Waking up the Neighbours?
It is something of an irony that “Wild World” – the last song on “Souvenir” with the fabulous first line: “I don’t know about you/but I like to tell the truth/but the truth seems to change every Tuesday” – starts with the sound of a passing ambulance and its sirens blaring.
Ironic, because just as the song – sort of Holcomb’s state of the union address, if you will – was finished, the man himself was diagnosed with a rare form of Viral Meningitis. Enough to delay the release, you’d guess. Not a bit of it. Instead Holcomb handed it to his band mates and here it is.
That is important to the overall feel of the record, but it is just another step along the road of collaboration that is shot through “Souvenir”. There are more songs on this album that are either co-written with, or written by, bandmates. The result is a warmer, more varied and downright fabulous LP, than his previous work.
This is perhaps natural for an album which has love as its central pillar. Whether that’s physical as on “Morning Song” with its opening couplet “I wanna make love after midnight /and fall asleep in your arms”, or for a place, as on “California” or on the aforementioned “…World” which preaches a simple message of compassion and tolerance. And, goodness how we could do with that now.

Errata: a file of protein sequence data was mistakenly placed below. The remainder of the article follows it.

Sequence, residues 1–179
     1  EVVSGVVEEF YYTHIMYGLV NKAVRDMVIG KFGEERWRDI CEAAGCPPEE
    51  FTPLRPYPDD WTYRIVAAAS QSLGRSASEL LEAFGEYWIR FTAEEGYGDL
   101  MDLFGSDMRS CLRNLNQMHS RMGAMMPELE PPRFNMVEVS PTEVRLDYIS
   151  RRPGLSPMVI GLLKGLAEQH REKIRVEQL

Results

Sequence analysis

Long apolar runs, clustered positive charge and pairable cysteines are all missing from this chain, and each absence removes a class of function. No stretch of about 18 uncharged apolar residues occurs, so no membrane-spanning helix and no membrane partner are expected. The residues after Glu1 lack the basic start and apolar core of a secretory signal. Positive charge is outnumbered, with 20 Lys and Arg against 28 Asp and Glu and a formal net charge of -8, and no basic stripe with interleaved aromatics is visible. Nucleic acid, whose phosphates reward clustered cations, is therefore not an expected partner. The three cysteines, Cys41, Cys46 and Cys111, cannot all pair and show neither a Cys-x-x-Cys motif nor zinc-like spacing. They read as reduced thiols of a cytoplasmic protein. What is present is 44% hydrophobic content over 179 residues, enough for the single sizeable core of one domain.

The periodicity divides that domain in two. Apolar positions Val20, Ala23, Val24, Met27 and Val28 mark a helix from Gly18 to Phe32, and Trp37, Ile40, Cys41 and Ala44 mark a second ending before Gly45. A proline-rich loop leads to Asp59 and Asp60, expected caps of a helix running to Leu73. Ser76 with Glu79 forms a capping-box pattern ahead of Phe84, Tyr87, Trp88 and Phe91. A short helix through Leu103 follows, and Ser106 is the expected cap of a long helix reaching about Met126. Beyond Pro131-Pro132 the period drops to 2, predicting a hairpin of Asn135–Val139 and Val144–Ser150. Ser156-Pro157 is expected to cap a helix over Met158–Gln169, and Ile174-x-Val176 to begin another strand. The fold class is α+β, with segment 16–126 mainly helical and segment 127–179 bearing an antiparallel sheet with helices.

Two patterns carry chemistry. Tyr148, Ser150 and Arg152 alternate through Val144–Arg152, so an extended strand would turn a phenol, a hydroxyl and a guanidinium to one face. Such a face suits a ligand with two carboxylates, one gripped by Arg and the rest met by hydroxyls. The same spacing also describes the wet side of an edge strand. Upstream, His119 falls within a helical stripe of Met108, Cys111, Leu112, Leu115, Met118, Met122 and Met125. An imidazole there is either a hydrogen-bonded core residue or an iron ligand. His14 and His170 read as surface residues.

This message – effectively “love conquers all” – is made most explicit on “Fight For Love”, but it is the manner of these songs that are most interesting.
Happy to be Ryan Adams at his most weatherbeaten and weary, there are harmonica flourish’s that suggest Springsteen too, while on “Rowdy Heart, Broken Wing”, it is stripped down and half-cracked vocals.
Indeed, there is a suggestion of chance taking throughout. “New Year” is built around a drum machine loop, like Steve Earle in his “Washington Square” Serenade period and “Sometimes” which follows with its mournful piano stylings and lap steel, is something for the middle of the night when you are alone with all your regrets, but the use of stack harmonies here take that into a different realm.
Family is important here too. The brilliant “Mama’s Sunshine, Daddy’s Rain” with its country strut is – you assume – about a child, while the gorgeous “Black And Blue” is a duet between Holcomb and his wife.
Some of the real highlights here are the subtleties. “Postcard Memories” is warm, sun drenched and understated folk and “The Yellow Rose Of Santa Fe” – a superbly evocative classic country song written by band member Steve Dugger.
This is a collection for all of them. But it is more than that. It might be Drew Holcomb’s band, but this “Souvenir” belongs to everyone.